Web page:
Stagflation is now a reality for Thailand
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Stagflation is now a reality for Thailand

Customers sit at eateries on Bangkok's Bantadthong Road. Thailand is undergoing stagflation, with its economy suffering both a slowdown and high inflation at the same time, says economist Chartchai Parasuk. 
Customers sit at eateries on Bangkok's Bantadthong Road. Thailand is undergoing stagflation, with its economy suffering both a slowdown and high inflation at the same time, says economist Chartchai Parasuk. 

I first encountered this word, a combination of "stagnation" and "inflation", in an economics textbook. Stagflation depicts an unusual situation whereby an economy experiences both a slowdown and high inflation at the same time. A textbook example is the US economy of the early 1970s, which suffered 9% unemployment along with 12% inflation. The culprit was a doubling of world oil prices which pushed the US economy into a recession and raised the cost of goods and services.

Fast forward 50 years and, believe it or not, stagflation is now being experienced in Thailand.

The stagnation needs no explanation, but the inflation sure does. The reason being official inflation figures are in sharp contrast with everyday price pressures that Thai consumers are experiencing. According to government statistics, the consumer price index rose a mere 0.1% in October this year. Food prices increased by an average 2.2% while non-food-product prices fell by 1.1%. If you trust these numbers, Thailand has practically no inflation.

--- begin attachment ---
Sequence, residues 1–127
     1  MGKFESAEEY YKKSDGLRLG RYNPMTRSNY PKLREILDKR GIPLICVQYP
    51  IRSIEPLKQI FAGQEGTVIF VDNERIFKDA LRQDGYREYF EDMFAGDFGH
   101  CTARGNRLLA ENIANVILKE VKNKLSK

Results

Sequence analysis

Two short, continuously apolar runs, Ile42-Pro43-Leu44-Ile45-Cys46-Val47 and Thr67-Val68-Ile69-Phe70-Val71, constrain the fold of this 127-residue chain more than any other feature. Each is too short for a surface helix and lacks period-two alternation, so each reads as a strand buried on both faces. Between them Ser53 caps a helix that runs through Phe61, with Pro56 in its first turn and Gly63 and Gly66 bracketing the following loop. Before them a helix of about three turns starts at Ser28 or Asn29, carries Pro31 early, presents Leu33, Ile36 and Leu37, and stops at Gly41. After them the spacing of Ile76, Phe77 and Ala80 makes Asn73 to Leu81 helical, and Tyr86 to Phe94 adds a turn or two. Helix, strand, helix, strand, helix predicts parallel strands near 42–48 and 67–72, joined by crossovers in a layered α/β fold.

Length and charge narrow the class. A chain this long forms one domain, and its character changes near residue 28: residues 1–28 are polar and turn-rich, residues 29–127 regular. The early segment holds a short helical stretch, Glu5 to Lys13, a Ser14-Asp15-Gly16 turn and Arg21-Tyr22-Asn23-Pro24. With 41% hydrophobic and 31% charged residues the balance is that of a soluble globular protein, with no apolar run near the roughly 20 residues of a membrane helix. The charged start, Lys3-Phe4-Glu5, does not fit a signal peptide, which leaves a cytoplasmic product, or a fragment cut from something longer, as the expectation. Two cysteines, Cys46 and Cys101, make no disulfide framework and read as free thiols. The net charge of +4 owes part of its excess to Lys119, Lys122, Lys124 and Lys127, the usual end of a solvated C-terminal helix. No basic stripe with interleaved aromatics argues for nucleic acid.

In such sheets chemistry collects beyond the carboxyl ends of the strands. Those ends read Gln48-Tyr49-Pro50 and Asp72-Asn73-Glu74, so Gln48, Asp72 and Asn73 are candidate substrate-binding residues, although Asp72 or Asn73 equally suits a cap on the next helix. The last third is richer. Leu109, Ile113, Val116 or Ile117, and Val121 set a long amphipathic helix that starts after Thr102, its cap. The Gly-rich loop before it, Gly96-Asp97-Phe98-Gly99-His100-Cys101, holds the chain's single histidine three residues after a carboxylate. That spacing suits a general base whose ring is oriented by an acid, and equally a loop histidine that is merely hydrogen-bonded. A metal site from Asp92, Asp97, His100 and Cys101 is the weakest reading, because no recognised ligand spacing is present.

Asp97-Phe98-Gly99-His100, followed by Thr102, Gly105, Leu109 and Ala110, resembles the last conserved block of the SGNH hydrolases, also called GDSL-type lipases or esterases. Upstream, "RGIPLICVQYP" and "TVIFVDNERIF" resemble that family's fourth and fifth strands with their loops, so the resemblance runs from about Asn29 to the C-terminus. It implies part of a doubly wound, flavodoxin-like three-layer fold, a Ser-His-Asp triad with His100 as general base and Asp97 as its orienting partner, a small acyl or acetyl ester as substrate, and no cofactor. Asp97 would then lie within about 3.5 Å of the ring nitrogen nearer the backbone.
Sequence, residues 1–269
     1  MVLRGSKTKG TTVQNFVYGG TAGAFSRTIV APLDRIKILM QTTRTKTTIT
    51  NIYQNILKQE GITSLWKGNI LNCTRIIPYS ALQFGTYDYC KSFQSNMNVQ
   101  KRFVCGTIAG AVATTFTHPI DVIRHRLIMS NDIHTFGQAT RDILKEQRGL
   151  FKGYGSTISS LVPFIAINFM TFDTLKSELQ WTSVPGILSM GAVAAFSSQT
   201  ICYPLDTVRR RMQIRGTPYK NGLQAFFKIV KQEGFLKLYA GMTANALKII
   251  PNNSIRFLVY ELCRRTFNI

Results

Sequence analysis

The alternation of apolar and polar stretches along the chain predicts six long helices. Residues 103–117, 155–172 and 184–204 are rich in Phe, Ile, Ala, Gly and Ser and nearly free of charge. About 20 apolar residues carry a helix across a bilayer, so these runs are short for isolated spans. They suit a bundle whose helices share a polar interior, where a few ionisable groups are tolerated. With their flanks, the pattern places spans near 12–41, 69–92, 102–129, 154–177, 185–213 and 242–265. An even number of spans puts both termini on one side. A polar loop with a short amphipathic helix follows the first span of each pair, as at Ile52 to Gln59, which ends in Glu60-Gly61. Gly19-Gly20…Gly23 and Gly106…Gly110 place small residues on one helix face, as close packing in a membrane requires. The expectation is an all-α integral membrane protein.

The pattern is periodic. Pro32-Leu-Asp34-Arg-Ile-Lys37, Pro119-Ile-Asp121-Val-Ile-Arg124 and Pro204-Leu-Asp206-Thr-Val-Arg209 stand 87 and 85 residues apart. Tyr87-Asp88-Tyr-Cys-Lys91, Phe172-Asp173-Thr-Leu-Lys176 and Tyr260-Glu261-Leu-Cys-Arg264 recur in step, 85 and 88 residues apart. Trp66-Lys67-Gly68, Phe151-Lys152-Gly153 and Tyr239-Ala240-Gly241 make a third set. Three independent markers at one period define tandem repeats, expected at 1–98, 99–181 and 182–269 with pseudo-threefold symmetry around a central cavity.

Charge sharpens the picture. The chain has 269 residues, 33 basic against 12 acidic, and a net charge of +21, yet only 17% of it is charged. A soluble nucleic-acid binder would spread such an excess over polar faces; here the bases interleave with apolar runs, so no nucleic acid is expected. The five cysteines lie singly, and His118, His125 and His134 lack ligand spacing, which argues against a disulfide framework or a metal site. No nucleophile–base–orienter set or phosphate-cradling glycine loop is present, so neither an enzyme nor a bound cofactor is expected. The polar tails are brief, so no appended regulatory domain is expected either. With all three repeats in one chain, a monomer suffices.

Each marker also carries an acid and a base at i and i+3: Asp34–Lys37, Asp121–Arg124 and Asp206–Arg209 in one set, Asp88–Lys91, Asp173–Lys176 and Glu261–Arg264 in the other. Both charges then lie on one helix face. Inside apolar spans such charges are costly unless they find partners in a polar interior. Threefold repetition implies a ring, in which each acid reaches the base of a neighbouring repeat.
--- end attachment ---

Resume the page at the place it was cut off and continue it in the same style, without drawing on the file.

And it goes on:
We consumers would wholeheartedly disagree. In a survey conducted by Suan Dusit Rajabhat University (Suan Dusit Poll) in November this year, 65.5% of respondents identified the high cost of living as Thailand's most troubling economic problem. Surprisingly, only 39.2% chose the sluggish economy as the most serious problem. The respondents were not wrong. The slowing economy is affecting individual consumers differently, but the higher cost of living hits everybody (hard) every time they pull out their wallets.

The explanation of why official inflation figures are amazingly low is rather technical. However, I can assure you the price of lunch at the Ministry of Commerce or Bank of Thailand's cafeterias has not increased by 0.1%, as their own inflation numbers indicate. When the price of a bowl of noodles or plate of khao kang (rice with curry) jumps from 35 to 40 baht, that is a 14.3% increase. Whatever the government data is showing, Thai consumers, including employees at the ministry and central bank, are not paying that price.

Let's put the issue of government data versus consumer reality aside. The big question for economists and policy-makers is why prices are rising in a slowing economy. Why is the sacred law of supply and demand not working? US stagflation in 1974 can be explained by the external oil price shock. But how do we explain Thailand's case now?

I could be mean and say that it's not my job to find the answer. It's the job of the government to find the answer to this crucial economic question and to fix the problem fast. Failure to do so increases the risk of dissatisfied Thai consumers coming out to protest on the streets. In Chile, over one million of Santiago's 5.4-million population have joined anti-government protests over the high cost of living. If you think Chilean inflation figures must be high to warrant such mass protests, you couldn't be more wrong. Chile's inflation rate is only 2.5%. Again, government statistics must not be reflecting the real situation.